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Ethics Tutorial - Colorado General Assembly

- Legislative Immunity - 20 of 25

Background

Legislative immunity, which is provided to members of the Colorado General Assembly by article V, section 16 of the state constitution, is designed to preserve the integrity of the legislative process and protect the legislative branch from intimidation by the executive and judicial branches of government and private parties.  It grants legislators immunity from civil lawsuits and state criminal prosecution, but not federal criminal prosecution, and a privilege against being compelled to testify or produce documents in legal proceedings with respect to matters that fall within the "sphere of legitimate legislative activity."  The "sphere of legitimate legislative activity" includes actions taken during official legislative proceedings conducted in accordance with constitutional procedural requirements and other activities that are integral to the legislative (i.e., lawmaking) function but does not include actions taken outside of official legislative proceedings that are not integral to the legislative function.

Hypothetical

Criminal prosecution - legislator to legislator statements

During heated floor debate on a bill that would repeal all state restrictions on large-capacity ammunition magazines, a legislator who opposes the bill claims that the bill sponsor is only carrying the bill because a Colorado-based firearms manufacturer bribed him.

Question

Assuming that the accusation of bribery is true, does legislative immunity prevent criminal prosecution of the accused legislator?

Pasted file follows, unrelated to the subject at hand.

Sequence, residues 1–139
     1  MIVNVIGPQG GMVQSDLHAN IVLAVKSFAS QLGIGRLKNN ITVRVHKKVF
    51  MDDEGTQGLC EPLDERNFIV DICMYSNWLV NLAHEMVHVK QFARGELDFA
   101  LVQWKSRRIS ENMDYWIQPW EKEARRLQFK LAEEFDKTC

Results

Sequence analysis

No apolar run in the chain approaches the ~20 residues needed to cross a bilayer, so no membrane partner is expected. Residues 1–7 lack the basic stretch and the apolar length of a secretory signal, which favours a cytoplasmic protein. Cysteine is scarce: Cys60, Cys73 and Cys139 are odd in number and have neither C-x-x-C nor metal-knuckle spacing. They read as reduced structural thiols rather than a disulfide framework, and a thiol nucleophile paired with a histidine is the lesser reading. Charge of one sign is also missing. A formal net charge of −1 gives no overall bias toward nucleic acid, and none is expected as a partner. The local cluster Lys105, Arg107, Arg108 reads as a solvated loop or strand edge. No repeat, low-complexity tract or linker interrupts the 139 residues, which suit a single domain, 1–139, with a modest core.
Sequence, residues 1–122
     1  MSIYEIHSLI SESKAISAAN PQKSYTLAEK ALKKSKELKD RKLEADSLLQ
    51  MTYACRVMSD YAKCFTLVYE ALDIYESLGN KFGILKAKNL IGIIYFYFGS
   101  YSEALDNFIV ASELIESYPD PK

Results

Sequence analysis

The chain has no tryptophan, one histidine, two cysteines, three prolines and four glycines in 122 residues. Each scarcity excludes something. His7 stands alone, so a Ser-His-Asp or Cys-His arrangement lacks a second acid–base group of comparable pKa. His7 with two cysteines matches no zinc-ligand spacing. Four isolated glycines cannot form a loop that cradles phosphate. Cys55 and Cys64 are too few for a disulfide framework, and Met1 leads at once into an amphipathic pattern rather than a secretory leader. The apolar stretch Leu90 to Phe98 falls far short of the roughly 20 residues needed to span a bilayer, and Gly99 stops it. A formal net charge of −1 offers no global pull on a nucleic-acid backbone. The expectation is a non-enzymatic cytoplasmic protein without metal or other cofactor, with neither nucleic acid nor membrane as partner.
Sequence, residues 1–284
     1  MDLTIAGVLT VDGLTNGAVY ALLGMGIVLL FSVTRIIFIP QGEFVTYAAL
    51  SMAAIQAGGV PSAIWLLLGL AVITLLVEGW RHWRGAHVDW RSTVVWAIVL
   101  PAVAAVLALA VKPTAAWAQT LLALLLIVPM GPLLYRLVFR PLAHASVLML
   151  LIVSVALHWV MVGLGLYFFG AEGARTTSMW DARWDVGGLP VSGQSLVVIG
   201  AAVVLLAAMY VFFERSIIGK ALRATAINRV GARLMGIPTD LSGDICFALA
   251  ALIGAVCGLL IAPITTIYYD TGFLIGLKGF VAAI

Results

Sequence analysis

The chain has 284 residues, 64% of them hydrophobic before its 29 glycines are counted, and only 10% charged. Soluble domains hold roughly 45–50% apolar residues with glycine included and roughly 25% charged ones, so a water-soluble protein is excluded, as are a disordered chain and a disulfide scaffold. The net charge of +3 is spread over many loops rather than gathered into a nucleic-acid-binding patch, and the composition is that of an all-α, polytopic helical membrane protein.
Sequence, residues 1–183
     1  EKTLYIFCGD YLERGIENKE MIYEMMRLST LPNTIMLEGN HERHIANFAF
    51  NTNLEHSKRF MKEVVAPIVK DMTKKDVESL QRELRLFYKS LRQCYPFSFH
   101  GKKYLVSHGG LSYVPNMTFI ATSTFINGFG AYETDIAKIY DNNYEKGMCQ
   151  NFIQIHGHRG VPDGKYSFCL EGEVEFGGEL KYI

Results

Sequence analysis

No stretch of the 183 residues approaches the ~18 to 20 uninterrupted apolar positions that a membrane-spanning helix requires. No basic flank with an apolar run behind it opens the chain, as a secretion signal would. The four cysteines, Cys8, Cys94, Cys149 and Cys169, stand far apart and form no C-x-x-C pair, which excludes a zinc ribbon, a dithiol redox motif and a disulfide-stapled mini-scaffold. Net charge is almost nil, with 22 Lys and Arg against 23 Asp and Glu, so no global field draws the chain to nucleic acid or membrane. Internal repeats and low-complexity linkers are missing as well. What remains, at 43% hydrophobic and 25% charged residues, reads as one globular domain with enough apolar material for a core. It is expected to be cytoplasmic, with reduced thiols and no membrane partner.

Select No, legislative immunity does not protect a legislator from criminal prosecution.  It only protects a legislator from being a defendant in a civil lawsuit or from otherwise being questioned as part of a civil proceeding.
Select No, legislative immunity does not prevent criminal prosecution of the legislator.  Prosecution for bribery does not require a protected inquiry into a legislator's motives for the legislative acts of sponsoring or voting on a bill because the alleged crime occurred when the legislator accepted  money in exchange for a promise to sponsor the bill and could be proven even if the legislator had not actually sponsored the bill.
Select Yes, the purpose of legislative immunity is to prevent intimidation of legislators through, among other things, questioning of their motives for taking legislative actions.  Because sponsorship of legislation is a legitimate legislative function that is within the "sphere of legitimate legislative activity," a legislator's improper motivation for sponsoring legislation cannot form the basis of a criminal prosecution of the legislator.
Select No, because a legislator's compensation is prescribed by law in accordance with article V, section 6 of the Colorado constitution and such compensation does not include bribes, taking a bribe as compensation for what is normally a legislative act of sponsoring legislation makes the sponsorship of the legislation violate a constitutional rule of procedure that governs the legislative process and therefore places the sponsorship outside of the protected "sphere of legitimate legislative activity."


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Last updated: 09 OCT 2015


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